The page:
Long Road to Freedom  

Ranger is a time-traveling golden retriever with search-and-rescue training. In this adventure, he goes to a Maryland plantation during the days of American slavery, where he meets a young girl named Sarah. When Sarah learns that the owner has plans to sell her little brother, Jesse, to a plantation in the Deep South, it means they could be separated forever. Sarah takes their future into her own hands and decides there’s only one way to escape – to run north.

Told in third-person, Long Road to Freedom includes the inner thoughts of both Ranger and Sarah. Sarah’s thoughts add suspense by focusing on her fear of being caught and sent back to her master’s plantation. Ranger perceives other characters’ emotions through smell, which conveys people’s feelings to the reader in a non-scary way. For example, when Jesse runs into the forest alone, Ranger goes to look for him. “Jesse’s scent was still there, with a mix of new smells that make the hair on Ranger’s neck stand up. Deer. Blood. And wolves.” Unfortunately, Jesse is snotty and stubborn. His behavior almost attracts the attention of slave hunters. Jesse’s attitude is annoying, and readers may wonder why he isn’t willing to save himself.

Long Road to Freedom explores the Underground Railroad in kid-friendly terms. As they run north, Sarah and Jesse find safe passage with people who are willing to hide them. When a group of men tries to bully their way into a barn where the two children are hiding, Ranger alerts the neighbors. When the bad men are surrounded, they back down. Ranger thinks, “They didn’t have tails to lower, but Ranger understood that they were submitting. The challenge was over.”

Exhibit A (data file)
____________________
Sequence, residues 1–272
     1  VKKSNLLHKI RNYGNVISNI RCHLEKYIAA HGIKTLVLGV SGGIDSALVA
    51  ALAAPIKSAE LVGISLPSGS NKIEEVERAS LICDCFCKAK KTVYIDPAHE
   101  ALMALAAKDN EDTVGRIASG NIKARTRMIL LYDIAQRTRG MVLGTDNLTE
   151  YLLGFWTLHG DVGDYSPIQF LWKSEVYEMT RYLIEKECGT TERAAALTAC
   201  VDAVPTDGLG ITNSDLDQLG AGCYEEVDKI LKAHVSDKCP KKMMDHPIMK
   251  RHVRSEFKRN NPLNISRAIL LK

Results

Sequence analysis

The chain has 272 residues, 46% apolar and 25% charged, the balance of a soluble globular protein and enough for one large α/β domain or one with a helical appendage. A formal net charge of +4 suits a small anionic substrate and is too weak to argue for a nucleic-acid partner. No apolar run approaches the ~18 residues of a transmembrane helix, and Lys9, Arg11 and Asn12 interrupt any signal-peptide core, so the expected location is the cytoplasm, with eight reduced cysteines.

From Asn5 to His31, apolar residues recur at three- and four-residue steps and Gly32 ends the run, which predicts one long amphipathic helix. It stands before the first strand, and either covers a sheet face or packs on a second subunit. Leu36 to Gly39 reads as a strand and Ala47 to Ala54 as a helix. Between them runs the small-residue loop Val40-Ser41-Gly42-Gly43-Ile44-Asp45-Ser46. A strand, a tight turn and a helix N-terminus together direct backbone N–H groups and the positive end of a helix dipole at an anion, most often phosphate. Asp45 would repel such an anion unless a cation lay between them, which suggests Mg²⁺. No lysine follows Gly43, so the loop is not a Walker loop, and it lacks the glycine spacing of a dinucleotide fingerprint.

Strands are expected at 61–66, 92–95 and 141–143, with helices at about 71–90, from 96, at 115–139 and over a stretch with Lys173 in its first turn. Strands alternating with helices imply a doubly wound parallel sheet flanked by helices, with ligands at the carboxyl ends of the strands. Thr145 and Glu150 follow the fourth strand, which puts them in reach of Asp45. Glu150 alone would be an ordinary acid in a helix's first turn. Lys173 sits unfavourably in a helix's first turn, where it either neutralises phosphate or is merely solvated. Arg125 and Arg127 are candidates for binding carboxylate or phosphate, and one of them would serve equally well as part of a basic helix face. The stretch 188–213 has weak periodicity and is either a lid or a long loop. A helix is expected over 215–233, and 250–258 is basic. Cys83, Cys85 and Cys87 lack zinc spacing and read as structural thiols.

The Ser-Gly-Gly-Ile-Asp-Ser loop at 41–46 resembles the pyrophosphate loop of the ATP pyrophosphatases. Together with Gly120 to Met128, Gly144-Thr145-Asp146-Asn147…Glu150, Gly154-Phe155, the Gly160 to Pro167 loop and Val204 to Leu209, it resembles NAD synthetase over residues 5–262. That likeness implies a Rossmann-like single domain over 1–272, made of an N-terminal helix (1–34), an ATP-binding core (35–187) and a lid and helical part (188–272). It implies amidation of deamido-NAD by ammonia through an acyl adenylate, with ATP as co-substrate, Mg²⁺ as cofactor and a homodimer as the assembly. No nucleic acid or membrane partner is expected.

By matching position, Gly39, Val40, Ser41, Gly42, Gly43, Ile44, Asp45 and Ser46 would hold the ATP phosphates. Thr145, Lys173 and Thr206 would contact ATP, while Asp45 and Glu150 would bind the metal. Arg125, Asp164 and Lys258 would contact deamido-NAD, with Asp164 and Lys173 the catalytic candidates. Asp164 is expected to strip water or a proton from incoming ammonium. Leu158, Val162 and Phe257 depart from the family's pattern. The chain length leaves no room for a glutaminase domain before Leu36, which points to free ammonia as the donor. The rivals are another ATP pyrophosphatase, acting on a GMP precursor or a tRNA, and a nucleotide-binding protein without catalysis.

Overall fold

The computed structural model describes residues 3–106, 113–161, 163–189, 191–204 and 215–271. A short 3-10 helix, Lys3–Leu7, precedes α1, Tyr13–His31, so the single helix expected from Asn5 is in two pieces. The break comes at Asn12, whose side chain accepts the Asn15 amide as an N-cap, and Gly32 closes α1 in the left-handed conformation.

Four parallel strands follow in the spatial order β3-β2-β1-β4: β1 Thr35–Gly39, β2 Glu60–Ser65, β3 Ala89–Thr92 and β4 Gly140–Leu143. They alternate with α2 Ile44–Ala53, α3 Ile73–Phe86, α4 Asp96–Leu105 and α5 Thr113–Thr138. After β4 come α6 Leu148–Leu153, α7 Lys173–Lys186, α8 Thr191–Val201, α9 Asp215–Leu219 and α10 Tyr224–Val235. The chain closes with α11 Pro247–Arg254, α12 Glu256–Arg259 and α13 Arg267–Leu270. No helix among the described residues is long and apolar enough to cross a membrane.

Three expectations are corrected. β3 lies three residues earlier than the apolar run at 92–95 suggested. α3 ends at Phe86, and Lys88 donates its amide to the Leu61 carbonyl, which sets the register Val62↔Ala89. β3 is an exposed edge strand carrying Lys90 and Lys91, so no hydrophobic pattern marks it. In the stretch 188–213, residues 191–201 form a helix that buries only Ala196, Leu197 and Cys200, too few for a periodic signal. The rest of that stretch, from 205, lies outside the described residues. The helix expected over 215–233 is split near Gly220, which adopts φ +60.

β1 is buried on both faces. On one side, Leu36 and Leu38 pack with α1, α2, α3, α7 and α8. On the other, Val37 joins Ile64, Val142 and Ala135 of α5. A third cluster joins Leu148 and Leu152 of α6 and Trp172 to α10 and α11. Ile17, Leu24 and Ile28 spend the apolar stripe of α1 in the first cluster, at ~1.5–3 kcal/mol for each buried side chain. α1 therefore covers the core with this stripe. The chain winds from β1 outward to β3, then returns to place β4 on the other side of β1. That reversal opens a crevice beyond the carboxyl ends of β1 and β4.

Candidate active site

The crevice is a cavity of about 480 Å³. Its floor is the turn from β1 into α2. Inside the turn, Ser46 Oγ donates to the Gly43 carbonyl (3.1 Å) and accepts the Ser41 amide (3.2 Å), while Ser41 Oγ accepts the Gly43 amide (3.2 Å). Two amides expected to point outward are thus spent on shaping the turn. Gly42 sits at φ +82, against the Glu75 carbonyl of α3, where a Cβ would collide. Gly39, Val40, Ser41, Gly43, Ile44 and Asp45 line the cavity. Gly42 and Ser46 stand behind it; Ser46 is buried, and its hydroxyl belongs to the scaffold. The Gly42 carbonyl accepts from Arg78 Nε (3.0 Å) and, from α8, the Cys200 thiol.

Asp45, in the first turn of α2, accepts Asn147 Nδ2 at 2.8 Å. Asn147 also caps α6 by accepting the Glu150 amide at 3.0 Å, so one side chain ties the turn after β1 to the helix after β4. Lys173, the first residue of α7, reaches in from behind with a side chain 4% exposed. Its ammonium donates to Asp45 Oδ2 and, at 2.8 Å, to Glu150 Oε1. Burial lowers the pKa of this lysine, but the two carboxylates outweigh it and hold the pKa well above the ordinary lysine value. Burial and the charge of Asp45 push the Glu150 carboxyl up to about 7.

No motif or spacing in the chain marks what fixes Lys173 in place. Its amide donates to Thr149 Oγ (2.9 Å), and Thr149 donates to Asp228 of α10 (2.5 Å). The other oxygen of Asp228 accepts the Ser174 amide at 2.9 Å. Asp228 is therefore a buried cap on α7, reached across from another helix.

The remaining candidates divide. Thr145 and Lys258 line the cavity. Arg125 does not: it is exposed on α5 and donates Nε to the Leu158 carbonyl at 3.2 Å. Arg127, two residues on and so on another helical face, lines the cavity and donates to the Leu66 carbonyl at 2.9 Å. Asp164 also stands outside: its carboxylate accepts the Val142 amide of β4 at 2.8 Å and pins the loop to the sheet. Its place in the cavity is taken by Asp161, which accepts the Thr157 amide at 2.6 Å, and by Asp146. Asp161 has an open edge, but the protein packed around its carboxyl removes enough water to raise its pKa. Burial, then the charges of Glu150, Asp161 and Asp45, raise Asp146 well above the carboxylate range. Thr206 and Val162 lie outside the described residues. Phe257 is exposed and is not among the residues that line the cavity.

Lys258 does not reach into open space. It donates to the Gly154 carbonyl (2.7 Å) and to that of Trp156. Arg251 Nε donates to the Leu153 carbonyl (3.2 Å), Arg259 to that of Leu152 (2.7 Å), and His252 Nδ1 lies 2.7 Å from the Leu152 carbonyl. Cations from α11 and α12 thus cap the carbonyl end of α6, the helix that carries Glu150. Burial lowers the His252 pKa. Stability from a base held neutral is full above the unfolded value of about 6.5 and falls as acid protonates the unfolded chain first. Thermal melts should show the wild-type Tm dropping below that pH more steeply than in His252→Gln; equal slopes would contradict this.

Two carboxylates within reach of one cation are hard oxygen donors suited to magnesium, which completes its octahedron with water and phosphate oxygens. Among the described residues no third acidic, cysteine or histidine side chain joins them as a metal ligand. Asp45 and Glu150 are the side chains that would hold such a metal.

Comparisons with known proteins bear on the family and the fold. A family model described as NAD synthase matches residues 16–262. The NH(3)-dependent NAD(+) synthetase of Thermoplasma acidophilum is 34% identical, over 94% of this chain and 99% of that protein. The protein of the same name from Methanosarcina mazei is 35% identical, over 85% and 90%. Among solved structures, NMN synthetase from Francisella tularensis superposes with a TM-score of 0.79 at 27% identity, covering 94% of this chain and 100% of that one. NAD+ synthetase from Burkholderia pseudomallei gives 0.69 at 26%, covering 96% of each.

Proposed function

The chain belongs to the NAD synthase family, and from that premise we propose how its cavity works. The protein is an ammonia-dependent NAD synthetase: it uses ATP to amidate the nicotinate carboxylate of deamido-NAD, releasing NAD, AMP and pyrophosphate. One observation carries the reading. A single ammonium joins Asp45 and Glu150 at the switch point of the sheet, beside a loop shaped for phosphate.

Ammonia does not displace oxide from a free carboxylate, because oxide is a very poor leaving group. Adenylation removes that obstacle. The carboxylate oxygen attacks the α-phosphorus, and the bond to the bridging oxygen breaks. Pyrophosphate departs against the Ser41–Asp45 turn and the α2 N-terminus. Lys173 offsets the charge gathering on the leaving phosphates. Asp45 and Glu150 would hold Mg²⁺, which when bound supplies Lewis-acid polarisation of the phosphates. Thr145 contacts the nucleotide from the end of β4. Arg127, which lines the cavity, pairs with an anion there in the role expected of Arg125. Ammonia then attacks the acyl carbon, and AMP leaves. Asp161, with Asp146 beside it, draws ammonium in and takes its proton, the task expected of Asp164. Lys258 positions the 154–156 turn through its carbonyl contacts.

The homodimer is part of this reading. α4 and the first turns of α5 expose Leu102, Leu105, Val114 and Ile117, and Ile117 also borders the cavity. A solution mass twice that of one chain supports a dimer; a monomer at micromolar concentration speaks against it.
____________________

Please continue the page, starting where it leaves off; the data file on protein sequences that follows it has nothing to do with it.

The Ranger in Time Series format will appeal to young readers. The book has large text and full-page, black-and-white illustrations that appear approximately every six pages. The author’s note includes information about the historical people and places in the book, as well as a list of resources for readers who want to learn more about the Underground Railroad.

Even though readers will learn many facts about the time period, the facts are integrated into the plot, so the book never feels like a history lesson. Readers will fall in love with Ranger, who loves squirrels, his family, and helping people in need. Long Road to Freedom uses a lovable dog and a unique premise to teach readers about history.

 Sexual Content

  • None


  • Sarah and Jesse are hiding in a barn when a group of men appears, demanding to see what’s behind the stacked hay. The farmer tries to stop the men but is unable to. Ranger knows the kids are in trouble so he “leaped out at him. The man started and fell. Ranger stood over him, barking his toughest bark. He turned and saw another big man holding Mr. Smith with his arms pinned behind him.” Ranger jumps on the man holding Mr. Smith, who manages to free himself from the man’s grasp.
  • Ranger wakes up the neighbors, who come to Mr. Smith’s aid. “Men and women streamed into the barn, carrying farm tools—axes and hoes and pitchforks.”

 Drugs and Alcohol

  • None


  • None


  • Ranger travels through time with the help of a first aid kit. When the first aid kit hums, Ranger puts the strap over his head. “The box grew warm at his throat. It grew brighter and brighter… He felt as if he were being squeezed through a hole in the sky. . .” When Ranger opens his eyes, he is in the past.

Spiritual Content

  • Sarah heard stories about the Quakers helping runaway slaves. “But when Master Bradley brought Reverend Hayworth to give a sermon on the plantation, he preached how slaves ought to obey their masters. He said those who didn’t would see the wrath of God along with the overseer’s whip.”

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